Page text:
We haven’t seen the worse from Brexit, warns a new report by research company Dun and Bradstreet.

It’s cautioned that financial investment could drop in the UK after Article 50 — the official exit clause of the European Union Lisbon treaty — is invoked.

The commercial data agency has released its latest UK industry report analysing the last quarter in 2016 and forecasting ahead.

The outlook for UK economy is looking gloomier as the weak pound pushes up inflation which we saw in the latest consumer price inflation figures which came in at 1.1 percent in November — the highest value in more than two years.

When it comes to real GDP expansion, Dun and Bradstreet forecasts the UK economy to grow by just one percent in 2017 and around 1.1 percent in 2018.

The weakness of the pound is expected to last until a Brexit deal is in place. As the Brexit bill is currently still under scrutiny in the House of Lords to discuss the triggering to Article 50, this could be a while.

It’s not just the weak pound that will cause the UK to suffer.

According to a survey the agency commissioned in November with 200 chief financial officers and directors, it was found that corporations in the UK will reduce future investments as Brexit is seen to be “financially damaging” for their companies’ growth models.

Brexit was considered as negatively impacting business growth potential by 64 percent of respondents, while around 49 percent said their company was likely to scale back on investment activities in the UK post-Brexit.

The biggest concern however for around 41 percent of respondents was the data availability from European partners and customers once Brexit was completed.

It appears that as the government attempts to deal with Article 50 negotiations, many companies will have to work out how this will affect their relationships with European counterparts too.

Dun and Bradstreet’s chief economist, Bodhi Ganguli, said:

“Brexit negotiations are without doubt going to take time: it won’t be a quick and simple transition, and it is likely that we will need an interim agreement in the first quarter of 2019. Our expectation is that the UK economy and global markets will not completely recover until the UK fully negotiates its exit from the EU.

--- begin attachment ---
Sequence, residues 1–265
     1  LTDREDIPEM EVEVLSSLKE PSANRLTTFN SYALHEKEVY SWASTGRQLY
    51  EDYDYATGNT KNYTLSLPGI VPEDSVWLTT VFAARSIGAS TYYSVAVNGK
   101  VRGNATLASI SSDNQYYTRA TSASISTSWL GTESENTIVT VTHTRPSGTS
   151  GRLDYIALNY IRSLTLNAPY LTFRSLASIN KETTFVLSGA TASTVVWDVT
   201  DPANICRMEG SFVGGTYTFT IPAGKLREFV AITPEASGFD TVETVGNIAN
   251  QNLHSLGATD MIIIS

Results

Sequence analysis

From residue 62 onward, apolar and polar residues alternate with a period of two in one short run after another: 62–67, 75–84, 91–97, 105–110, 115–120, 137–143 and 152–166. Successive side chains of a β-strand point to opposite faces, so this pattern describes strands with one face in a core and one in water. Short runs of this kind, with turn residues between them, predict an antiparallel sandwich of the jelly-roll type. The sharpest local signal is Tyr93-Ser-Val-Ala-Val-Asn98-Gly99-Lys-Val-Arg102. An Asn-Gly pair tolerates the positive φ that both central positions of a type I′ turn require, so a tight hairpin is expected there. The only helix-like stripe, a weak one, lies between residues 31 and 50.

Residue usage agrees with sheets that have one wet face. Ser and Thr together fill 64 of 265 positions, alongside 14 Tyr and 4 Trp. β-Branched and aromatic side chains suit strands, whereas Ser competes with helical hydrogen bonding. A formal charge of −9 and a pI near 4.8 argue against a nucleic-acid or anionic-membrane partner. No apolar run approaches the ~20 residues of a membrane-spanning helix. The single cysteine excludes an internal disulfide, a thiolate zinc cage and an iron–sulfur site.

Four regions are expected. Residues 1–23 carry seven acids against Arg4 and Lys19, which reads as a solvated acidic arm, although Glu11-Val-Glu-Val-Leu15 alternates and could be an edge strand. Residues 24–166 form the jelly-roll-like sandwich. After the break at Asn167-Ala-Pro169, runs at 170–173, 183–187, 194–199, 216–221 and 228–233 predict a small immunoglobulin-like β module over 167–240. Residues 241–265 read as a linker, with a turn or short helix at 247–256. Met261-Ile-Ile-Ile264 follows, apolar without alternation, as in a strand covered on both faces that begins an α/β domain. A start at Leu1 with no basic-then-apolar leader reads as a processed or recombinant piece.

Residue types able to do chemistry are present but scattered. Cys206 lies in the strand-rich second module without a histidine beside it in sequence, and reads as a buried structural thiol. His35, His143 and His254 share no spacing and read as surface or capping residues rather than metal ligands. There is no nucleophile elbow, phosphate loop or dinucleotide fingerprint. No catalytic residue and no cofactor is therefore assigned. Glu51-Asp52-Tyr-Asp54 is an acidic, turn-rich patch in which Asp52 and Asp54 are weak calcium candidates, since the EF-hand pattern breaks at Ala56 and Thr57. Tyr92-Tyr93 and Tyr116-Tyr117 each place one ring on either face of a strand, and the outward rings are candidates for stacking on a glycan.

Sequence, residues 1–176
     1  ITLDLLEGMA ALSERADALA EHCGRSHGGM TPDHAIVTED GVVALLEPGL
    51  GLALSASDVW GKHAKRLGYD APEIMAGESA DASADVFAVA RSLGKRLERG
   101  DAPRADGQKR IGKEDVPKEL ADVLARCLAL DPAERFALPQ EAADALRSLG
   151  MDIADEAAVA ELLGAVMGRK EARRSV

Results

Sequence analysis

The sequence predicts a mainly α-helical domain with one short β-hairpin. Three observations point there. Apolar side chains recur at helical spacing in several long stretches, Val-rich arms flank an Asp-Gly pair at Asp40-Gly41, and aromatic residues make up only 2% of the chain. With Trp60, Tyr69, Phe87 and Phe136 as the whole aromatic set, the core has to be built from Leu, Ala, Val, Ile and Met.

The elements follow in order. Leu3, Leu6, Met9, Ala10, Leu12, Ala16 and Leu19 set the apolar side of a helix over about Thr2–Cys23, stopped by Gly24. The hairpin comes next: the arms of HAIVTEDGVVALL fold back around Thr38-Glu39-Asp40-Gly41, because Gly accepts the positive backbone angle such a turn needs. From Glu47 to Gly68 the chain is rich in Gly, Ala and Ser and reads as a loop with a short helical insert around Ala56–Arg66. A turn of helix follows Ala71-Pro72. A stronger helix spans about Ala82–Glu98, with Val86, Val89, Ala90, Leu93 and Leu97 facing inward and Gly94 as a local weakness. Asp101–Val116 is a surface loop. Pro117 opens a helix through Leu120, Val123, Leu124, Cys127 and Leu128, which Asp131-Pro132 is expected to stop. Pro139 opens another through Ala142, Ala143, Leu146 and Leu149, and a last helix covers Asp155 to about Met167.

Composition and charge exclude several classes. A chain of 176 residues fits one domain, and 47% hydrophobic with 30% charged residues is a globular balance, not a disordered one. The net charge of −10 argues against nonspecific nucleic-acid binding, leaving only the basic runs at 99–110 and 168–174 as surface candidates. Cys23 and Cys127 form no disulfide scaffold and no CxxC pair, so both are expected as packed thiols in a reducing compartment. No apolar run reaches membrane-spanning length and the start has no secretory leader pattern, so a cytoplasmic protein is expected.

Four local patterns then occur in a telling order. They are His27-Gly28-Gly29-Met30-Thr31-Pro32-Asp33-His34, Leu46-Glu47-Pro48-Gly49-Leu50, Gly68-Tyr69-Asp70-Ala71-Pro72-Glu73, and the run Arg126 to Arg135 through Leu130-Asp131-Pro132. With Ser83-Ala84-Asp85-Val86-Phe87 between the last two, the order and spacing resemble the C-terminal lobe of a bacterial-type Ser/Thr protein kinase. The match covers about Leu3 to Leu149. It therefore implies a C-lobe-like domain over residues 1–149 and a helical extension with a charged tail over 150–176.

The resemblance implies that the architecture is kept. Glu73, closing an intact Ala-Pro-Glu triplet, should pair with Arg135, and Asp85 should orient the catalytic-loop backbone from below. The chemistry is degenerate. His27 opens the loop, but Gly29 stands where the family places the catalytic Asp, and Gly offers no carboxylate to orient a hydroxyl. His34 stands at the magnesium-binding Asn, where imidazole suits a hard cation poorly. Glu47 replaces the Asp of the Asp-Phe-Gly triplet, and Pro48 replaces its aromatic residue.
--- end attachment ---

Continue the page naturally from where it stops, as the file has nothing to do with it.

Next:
“With a heightened chance of failure, it’s paramount for businesses to ensure the correct risk management solutions are in place. Businesses should adopt a ‘wait-and-see’ approach as the UK’s economy continues to change quarter by quarter, and we will not see the full impact of the Brexit vote for many quarters to come.”

Despite the bleak outlook, confidence has risen in British exporters who believe their turnover should improve in 2017.

According to the latest quarterly international trade outlook from the British Chamber of Commerce businesses in both manufacturing and service are increasingly confident that profitability will increase or remain steady over the next 12 months.

The BCC/DHL Trade Confidence Index, which measures the volume of trade documentation, fell by 1.42 percent to 119.96 at the end of 2016 but remains nearly five percent up on the last quarter of 2015. The evolution of e-commerce and technology is credited with empowering businesses in overseas markets.

BCC director general, Adam Marshall, said:

“Many exporters remain confident, in spite of uncertainty over our relationship with the EU. Our findings serve as a reminder that it is businesses that trade with other businesses, not governments – but they need support if they are to continue to be positive.”